Home Desserts & Sweets Bread & Raisins: Euphorium Bakery

Bread & Raisins: Euphorium Bakery

by Krista

Img_2343202 Upper Street
N1 1RQ
020 7704 6905

Date of Last Visit: Saturday, October 27th 2007

The Victim: Me

The Damage: £1.90

I feel like I'm way behind on posts. Let me just do a mental count. Out loud.

Vivat Bacchus in Farringdon. Wine bar. Nice service. Just had bar snacks.

Say Pasta. Upper Street. Cheap pasta. Nice service. Nice concept. Eh food.

Hibiscus. Oxford Street. Lovely service. Inventive food.

Shanghai Blues. Holborn. Chinese.

I'll get to it. Eventually. But first let me talk about bread.

On Long Island, we always bought bread from the bakery. Particularly pumpernickle bread. You don't really find that here. I'm on the lookout for it, so please let me know if you've seen it somewhere. My mom used to make this pumpernickle boat with some cheesey-chivey stuff in the middle that was the main draw at many a party. We also bought a lot of cinnamon raisin bread, which is about one of the nicest things in the world first thing in the a.m. smothered in butter. (Note to self: Get cholesterol checked.)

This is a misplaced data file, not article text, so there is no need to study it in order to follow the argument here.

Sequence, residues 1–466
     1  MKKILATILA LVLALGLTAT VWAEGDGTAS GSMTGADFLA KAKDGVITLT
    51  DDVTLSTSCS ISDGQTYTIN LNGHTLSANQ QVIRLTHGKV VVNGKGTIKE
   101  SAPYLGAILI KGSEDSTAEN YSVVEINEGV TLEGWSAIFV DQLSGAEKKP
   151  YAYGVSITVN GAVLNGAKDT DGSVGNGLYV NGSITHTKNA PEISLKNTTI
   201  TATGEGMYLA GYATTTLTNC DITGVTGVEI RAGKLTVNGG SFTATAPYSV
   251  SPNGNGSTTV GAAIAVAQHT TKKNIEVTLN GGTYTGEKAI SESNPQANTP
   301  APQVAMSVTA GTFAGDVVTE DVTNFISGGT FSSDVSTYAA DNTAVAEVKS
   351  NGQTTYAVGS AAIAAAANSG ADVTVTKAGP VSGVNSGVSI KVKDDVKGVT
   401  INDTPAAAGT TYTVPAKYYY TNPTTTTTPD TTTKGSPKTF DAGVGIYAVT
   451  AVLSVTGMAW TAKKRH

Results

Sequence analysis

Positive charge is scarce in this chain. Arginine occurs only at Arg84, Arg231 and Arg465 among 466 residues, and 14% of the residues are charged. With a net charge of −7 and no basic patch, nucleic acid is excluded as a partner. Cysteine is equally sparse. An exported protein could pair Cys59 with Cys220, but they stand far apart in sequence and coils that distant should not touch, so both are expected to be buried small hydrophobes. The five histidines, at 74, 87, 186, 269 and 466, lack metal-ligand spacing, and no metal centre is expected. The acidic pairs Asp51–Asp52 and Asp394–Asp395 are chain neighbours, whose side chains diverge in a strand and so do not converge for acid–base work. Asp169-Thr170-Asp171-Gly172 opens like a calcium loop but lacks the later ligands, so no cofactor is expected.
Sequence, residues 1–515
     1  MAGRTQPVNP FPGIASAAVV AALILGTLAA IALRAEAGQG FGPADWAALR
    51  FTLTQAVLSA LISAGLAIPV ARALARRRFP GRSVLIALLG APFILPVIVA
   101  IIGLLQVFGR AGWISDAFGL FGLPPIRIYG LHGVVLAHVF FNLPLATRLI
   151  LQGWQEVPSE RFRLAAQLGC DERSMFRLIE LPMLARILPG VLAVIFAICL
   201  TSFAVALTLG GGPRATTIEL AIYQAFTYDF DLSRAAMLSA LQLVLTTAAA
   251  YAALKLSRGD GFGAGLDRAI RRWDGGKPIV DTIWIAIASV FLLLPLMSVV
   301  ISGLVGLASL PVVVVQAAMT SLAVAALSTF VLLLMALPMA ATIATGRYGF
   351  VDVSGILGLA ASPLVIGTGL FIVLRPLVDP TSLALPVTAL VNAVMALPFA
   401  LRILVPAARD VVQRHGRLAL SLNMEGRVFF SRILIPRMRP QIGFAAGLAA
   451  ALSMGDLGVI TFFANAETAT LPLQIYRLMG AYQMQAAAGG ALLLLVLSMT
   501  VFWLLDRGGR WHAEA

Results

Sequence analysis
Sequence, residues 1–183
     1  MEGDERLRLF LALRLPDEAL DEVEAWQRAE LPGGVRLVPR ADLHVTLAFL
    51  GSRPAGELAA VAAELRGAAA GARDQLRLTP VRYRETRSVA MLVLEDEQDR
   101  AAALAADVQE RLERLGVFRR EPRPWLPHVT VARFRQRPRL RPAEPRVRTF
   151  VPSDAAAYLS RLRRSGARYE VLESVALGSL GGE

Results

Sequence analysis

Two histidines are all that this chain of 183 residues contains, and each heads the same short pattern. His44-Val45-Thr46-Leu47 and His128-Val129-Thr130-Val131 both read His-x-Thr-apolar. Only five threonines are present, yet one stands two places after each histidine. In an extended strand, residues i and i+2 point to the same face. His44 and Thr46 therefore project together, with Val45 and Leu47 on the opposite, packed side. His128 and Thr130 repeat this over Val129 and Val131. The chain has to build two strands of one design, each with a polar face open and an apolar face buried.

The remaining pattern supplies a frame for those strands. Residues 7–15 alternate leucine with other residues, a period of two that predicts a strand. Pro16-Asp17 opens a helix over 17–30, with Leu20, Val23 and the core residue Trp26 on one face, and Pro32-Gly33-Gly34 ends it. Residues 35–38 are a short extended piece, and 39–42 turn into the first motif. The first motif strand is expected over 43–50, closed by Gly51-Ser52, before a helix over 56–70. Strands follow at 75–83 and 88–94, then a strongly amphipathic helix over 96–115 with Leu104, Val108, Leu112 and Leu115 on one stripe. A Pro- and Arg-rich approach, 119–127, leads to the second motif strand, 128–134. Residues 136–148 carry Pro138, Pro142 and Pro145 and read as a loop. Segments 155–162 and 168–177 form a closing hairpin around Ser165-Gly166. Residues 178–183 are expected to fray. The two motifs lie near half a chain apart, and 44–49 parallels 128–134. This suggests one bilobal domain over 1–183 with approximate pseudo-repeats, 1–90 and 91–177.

Anyhow, Euphorium didn't have much of a pumpernickle or cinnamon raisin thing going on, but they did have Hazelnut Raisin bread. I was intrigued. So I bought a loaf. And I admired the vibe. Euophorium has a bit of a gentrified Swedish thing going on. It's very crisp and clean and light and airy. The yuppy in me loved it. 

I walked the loaf home and cut myself a slice, using one of the two decent knives I own. Aunt Ursula bought me a nice Henkel bread knife. As well as a tomato knife. I didn't have the heart to tell her how I feel about tomatoes. Which reminds me–I should totally do another Dislikes post after my dinner with the gang at Hibiscus. Ah–I am totally digressing. Let me tell you about the bread.

It was pretty bad. It was a tad burnt. And not in the burnt-and-toasty-just-add-butter kind of way. It was more the dry and smoky tasting way. And well, the bread itself wasn't very flavorful. And those weren't raisins–they were sultanas. But maybe that's a cultural thing. In my book, raisins are black, sultanas are yellow. No?

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